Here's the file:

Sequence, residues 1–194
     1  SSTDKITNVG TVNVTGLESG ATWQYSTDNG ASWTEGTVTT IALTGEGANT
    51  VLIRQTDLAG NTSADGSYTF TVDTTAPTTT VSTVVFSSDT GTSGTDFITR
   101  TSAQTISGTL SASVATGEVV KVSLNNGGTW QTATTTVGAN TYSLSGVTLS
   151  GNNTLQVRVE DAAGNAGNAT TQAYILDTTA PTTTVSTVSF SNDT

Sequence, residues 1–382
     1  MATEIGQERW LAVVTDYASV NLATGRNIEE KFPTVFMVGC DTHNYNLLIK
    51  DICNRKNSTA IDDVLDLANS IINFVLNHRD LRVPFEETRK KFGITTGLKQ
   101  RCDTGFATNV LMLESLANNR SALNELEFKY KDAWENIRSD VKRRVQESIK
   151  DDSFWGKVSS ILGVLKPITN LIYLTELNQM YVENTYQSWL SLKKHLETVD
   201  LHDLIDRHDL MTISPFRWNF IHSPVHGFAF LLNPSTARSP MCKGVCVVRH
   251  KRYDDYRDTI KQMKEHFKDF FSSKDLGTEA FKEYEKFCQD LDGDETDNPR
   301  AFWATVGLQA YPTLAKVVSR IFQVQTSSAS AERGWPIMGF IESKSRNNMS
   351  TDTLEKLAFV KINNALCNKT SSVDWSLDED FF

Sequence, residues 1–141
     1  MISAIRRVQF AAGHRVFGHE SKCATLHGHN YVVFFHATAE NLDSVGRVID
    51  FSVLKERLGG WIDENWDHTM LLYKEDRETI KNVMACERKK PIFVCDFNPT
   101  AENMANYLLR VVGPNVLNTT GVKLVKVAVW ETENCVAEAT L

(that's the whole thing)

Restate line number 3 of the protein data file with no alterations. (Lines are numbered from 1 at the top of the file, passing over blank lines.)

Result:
    51  VLIRQTDLAG NTSADGSYTF TVDTTAPTTT VSTVVFSSDT GTSGTDFITR